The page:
Kissinger urges more efforts on partnership
Updated: 2011-09-28 11:12
By Chen Weihua (China Daily)
WASHINGTON - Henry Kissinger, known as the architect of the China-United States relations, called on both countries to find a way to build international order to avoid potential chaos.
"We cannot tell what the rest of the world should do, but the rest of the world will find it hard if they are confronted by conflicts between China and the US. That is my concern," Kissinger told a crowd of some 150 people Tuesday at the United States Institute of Peace in Washington.
The former US Secretary of State acknowledged China's concern of an American containment, as the US did to the Soviet Union in the Cold War years as well as the US' concern these days that Asia will be dominated by one power.
"If we have an adversary relationship, both the nightmares are going to plight each other. If we have a cooperative relationship, then the nations of Asia do not have to choose between China and the United States," said Kissinger, who has made more than 50 trips to China over the past four decades.
Calling the bilateral relationship the "key single element of international stability," he said with no historical precedent, the two countries have to deal with each other at a time when they have to come to grips with their own domestic challenges.
Kissinger said he doesn't view China-US relations exclusively from the point of military power.
"I believe countries have to be judged by their overall performance as human beings," he said, adding that includes cultural and many other factors.
He described people who emphasize military confrontation with China as going the "wrong way that could lead to self-fulfilled prophecy".
He said China is bound to gain military capacity as it becomes more powerful economically, but he said the idea of the Chinese army marching around and dominating by use of force has no precedent in its thousands of years of history.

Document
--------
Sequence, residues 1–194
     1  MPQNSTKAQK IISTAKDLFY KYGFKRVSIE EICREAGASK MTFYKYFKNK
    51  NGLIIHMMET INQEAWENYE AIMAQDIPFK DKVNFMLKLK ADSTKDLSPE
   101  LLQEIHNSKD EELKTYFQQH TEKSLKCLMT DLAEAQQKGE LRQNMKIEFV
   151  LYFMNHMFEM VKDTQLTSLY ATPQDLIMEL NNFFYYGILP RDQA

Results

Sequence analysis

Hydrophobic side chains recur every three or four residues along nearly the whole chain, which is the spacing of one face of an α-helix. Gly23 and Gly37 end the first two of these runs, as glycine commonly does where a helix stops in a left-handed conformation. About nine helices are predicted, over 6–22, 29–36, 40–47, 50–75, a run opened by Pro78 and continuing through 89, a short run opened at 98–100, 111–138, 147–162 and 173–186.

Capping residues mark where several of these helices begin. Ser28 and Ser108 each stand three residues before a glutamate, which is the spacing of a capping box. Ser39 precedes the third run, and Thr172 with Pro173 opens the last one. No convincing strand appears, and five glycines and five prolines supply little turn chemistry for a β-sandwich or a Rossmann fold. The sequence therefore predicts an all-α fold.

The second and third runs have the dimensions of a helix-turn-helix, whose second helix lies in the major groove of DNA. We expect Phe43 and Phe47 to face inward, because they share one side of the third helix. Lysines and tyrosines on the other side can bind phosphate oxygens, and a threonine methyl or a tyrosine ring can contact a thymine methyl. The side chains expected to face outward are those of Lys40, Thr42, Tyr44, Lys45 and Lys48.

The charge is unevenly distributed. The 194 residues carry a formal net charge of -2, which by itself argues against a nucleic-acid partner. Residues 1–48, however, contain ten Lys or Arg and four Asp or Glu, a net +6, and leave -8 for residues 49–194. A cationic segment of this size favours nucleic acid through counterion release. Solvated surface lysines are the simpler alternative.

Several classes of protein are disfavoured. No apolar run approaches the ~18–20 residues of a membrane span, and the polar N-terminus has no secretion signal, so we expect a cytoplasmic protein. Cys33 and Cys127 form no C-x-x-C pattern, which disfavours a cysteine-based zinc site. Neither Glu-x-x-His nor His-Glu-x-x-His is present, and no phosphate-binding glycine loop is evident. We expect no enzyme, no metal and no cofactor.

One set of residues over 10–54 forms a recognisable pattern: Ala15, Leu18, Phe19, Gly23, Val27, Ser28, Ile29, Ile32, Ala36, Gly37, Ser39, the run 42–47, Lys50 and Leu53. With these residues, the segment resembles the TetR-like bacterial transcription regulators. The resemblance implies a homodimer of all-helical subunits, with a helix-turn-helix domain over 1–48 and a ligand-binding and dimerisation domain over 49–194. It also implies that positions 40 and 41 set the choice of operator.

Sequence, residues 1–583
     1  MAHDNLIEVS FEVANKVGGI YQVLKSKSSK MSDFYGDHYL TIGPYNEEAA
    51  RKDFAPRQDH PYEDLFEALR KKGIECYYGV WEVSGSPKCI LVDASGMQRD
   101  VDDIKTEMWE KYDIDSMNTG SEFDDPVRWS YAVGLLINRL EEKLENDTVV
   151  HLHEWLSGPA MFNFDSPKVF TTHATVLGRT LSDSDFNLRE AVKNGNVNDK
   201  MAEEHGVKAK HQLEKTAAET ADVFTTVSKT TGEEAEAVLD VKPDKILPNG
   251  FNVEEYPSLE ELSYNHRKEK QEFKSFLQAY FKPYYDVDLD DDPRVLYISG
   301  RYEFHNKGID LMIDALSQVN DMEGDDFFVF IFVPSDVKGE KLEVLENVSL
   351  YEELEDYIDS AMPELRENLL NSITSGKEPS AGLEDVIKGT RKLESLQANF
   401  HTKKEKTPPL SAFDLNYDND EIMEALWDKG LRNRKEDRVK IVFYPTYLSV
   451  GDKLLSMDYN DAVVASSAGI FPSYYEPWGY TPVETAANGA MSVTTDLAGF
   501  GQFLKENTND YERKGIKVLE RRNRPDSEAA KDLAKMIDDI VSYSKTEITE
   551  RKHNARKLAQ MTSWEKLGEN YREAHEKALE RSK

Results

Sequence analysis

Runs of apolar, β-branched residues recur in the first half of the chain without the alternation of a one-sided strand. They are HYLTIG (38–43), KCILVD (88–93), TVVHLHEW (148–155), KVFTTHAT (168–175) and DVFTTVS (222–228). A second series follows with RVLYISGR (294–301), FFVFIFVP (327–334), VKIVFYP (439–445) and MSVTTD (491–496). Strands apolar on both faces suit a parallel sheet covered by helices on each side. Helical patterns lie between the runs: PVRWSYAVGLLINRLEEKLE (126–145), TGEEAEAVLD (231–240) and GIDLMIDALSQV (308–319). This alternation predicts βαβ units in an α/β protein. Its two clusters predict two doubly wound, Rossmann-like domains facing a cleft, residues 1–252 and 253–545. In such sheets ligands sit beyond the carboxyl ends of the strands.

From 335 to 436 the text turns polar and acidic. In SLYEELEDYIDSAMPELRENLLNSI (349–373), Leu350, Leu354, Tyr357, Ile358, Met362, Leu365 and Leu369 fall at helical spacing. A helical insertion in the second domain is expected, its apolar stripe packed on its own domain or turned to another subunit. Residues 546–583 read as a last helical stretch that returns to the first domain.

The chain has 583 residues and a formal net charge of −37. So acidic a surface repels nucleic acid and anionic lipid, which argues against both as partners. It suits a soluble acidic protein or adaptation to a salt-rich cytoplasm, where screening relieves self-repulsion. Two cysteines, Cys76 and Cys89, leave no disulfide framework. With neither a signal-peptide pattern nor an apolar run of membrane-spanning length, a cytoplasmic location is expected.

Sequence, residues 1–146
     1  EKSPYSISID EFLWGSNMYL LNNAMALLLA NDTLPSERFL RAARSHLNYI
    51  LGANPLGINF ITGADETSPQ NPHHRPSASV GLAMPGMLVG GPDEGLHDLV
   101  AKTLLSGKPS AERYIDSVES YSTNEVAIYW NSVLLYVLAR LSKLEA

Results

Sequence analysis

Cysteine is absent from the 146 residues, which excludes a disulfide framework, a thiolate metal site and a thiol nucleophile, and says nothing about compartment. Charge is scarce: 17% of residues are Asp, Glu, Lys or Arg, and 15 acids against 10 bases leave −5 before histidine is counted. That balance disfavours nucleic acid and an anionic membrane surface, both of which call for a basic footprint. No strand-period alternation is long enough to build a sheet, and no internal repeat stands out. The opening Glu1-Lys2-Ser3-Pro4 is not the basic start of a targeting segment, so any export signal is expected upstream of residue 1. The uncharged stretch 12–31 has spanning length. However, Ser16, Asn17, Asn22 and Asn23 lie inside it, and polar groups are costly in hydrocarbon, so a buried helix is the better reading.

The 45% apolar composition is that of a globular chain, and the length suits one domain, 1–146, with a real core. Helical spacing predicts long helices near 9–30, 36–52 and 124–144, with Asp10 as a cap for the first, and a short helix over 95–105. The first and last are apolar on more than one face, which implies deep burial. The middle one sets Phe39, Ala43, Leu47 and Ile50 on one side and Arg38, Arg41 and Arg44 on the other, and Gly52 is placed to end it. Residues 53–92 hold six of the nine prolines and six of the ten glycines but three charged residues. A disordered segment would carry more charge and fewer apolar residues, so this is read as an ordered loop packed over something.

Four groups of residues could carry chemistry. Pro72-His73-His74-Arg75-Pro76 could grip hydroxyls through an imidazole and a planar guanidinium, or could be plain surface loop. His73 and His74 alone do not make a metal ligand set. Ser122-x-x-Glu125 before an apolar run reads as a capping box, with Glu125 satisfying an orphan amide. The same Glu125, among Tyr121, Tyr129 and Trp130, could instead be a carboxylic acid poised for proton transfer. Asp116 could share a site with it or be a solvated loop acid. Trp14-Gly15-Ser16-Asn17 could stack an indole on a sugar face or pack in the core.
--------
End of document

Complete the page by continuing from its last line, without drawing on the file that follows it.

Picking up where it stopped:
He believes, however, China will influence its surroundings by its performance, economically and politically.
Kissinger called on US politicians to look at the bilateral relationship beyond the presidential campaign.
"There is no doubt that the American public are concerned with the loss of jobs in this country. It is easy to blame foreigners and in particular the Chinese but leaders must look beyond the immediate effect of elections and deal with the fundamental challenges," he said.
Rhetoric has heated up as US presidential campaign warms up. Republican candidate Mitt Romney, a former governor of Massachusetts, has repeatedly called on sanctions on China for its currency practices.
Kissinger said while the US sees China as a rising power, he believes the Chinese think they are just reclaiming their prior status. China was the largest economy in the world until the 18th century and was left behind in the 19th and early 20th century after missing the Industrial Revolution.
He said he has no fundamental problem with the objective of the current administration's China policy, although he would have advised less lecturing.
"I have been supportive and tried to be helpful," he said, adding that the China policy is the most bipartisan policy of the prior eight US presidents.